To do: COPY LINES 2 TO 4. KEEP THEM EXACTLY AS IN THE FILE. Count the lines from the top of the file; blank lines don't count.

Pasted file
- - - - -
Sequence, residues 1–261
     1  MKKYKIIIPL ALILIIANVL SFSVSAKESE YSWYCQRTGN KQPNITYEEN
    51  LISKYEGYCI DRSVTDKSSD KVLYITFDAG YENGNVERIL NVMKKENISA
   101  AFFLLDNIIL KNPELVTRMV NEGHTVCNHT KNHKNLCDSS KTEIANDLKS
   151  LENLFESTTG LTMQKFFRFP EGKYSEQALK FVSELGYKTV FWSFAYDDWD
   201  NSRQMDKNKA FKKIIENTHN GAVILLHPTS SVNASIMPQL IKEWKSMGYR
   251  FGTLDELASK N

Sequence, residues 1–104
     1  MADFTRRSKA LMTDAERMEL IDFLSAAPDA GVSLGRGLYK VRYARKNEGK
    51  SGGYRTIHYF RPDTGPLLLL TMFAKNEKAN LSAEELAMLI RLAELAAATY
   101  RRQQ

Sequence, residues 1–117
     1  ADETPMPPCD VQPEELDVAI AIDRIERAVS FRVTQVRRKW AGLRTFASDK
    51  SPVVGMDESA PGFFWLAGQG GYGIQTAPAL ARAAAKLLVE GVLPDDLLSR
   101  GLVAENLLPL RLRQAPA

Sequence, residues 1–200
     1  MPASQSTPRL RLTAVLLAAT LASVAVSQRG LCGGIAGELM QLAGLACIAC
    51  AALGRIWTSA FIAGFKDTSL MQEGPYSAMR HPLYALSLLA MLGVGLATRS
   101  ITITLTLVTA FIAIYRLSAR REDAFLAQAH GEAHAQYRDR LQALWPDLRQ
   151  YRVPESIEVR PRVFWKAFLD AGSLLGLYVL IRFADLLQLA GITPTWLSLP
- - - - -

     1  MKKYKIIIPL ALILIIANVL SFSVSAKESE YSWYCQRTGN KQPNITYEEN
    51  LISKYEGYCI DRSVTDKSSD KVLYITFDAG YENGNVERIL NVMKKENISA
   101  AFFLLDNIIL KNPELVTRMV NEGHTVCNHT KNHKNLCDSS KTEIANDLKS